‘Buyer & Cellar’ Comes to the Rubicon
A Solo Show at Home with Barbra Streisand
Barbra Streisand’s fans have cherished her eccentricities for decades, but it wasn’t until the 2010 publication of the coffee-table book My Passion for Designthat most of them learned of the existence of the star’s Malibu bunker. Streisand remodeled her waterfront compound to include a basement arranged as a shopping mall with “stores” displaying her various collections of dolls and other objects, and here were the pictures to prove it. For playwright Jonathan Tolins, the idea of a whole mall with just one customer naturally suggested that there would have to be at least one employee, and from that kernel he extrapolated the one-man show Buyer & Cellar, which opens this Saturday, January 27, at the Rubicon Theatre in Ventura. Brian McDonald stars as Alex More, the actor who takes the job of tending to Barbra Streisand’s private mall after an unfortunate misunderstanding with his previous employer—Toontown at Disneyland.
The show was a hit for the Rattlestick Playwrights Theater in Manhattan, and it has gone on to receive much acclaim in other productions all over the country. It will be especially exciting to see what the multitalented actor/director McDonald brings to this role, or roles, as in the course of telling his Streisand story, Alex must assume the parts of four other characters, even to the point of speaking both voices in a dialogue.
McDonald, who has previously delighted audiences with his take on David Sedaris’s Santaland Diaries, describes the challenge of this new project as a substantial one. “That was a little over an hour,” he said of the Sedaris, “while Buyer & Cellarruns one hour and 45 minutes without an intermission,” adding that, because of the pace of the writing, it “feels fast.” “It’s not a musical, but it’s a very musical piece,” said McDonald. And although he portrays Streisand, what he does is “not an impersonation” but rather the kind of vocal representation one might use when telling a story.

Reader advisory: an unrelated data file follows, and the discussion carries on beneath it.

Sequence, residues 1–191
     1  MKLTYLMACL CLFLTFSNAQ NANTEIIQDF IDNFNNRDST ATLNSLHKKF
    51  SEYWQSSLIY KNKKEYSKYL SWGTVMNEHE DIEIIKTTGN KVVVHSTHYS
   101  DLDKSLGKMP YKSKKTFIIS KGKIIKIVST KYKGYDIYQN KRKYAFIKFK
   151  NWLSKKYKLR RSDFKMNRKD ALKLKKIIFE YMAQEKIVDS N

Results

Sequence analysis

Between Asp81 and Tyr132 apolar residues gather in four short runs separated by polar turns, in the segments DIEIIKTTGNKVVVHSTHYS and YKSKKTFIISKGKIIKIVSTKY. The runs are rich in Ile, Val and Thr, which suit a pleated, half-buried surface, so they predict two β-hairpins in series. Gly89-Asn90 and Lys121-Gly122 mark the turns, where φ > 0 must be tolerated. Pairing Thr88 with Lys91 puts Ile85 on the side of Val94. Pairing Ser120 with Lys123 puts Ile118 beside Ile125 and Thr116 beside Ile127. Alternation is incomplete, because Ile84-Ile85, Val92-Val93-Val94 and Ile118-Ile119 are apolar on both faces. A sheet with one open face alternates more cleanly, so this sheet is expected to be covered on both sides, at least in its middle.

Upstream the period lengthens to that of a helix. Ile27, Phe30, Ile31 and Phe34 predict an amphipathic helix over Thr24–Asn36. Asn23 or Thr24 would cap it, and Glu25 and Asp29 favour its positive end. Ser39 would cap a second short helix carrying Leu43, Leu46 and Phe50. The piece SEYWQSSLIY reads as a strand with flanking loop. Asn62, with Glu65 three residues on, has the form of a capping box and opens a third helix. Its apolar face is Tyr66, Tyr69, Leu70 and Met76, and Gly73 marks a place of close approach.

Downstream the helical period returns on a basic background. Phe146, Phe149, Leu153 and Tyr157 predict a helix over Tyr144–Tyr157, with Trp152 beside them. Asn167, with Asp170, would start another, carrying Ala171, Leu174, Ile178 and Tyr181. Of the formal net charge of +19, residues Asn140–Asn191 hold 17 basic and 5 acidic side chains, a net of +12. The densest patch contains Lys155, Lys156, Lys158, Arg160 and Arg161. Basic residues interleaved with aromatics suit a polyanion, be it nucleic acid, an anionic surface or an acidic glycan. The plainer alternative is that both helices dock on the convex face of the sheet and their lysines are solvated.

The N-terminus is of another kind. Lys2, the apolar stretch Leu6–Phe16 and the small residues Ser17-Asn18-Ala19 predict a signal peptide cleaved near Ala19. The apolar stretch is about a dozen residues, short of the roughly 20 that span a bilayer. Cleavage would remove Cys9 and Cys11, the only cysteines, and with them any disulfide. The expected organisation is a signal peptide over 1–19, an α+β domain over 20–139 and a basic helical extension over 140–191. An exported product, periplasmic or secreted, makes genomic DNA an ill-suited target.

In fact, personal storytelling is part of the premise of Buyer & Cellar, as much of what Alex says is framed as what he has told his screenwriter boyfriend,Barry,about the latest crazy happenings chez Babs. According to McDonald, this helps the show to cover topics and stories that might be familiar to Streisand’s fans, but that require explanation for the rest of the audience. “It doesn’t feel like exposition,” according to McDonald, because the character of Barry allows these topics to “come up in a fun and inventive way.”
In the imaginary world of the play, Alex’s job in the mall leads to an intense personal relationship with Streisand, and he develops a protective affection for her that tempers the show’s tendency toward more biting forms of satire. “It’s about a woman who has surrounded herself with stuff,” said McDonald, “and at the same time she doesn’t know who to trust.” For the actor, the most important change that Alex goes through is that he“learns what role things play in our lives, and he shares that lesson with the audience.” In light of the terrible losses our community has suffered in recent weeks, McDonald hopes that this show’s thoughtful brand of light comedy will bring us all some relief in the form of laughter, and some wisdom about what really matters.
Buyer & Cellar opens on Saturday, January 27, and runs through Sunday, February 11, at the Rubicon Theatre (1006 E. Main St., Ventura). For tickets and information, call (805) 667-2900 or visit rubicontheatre.org.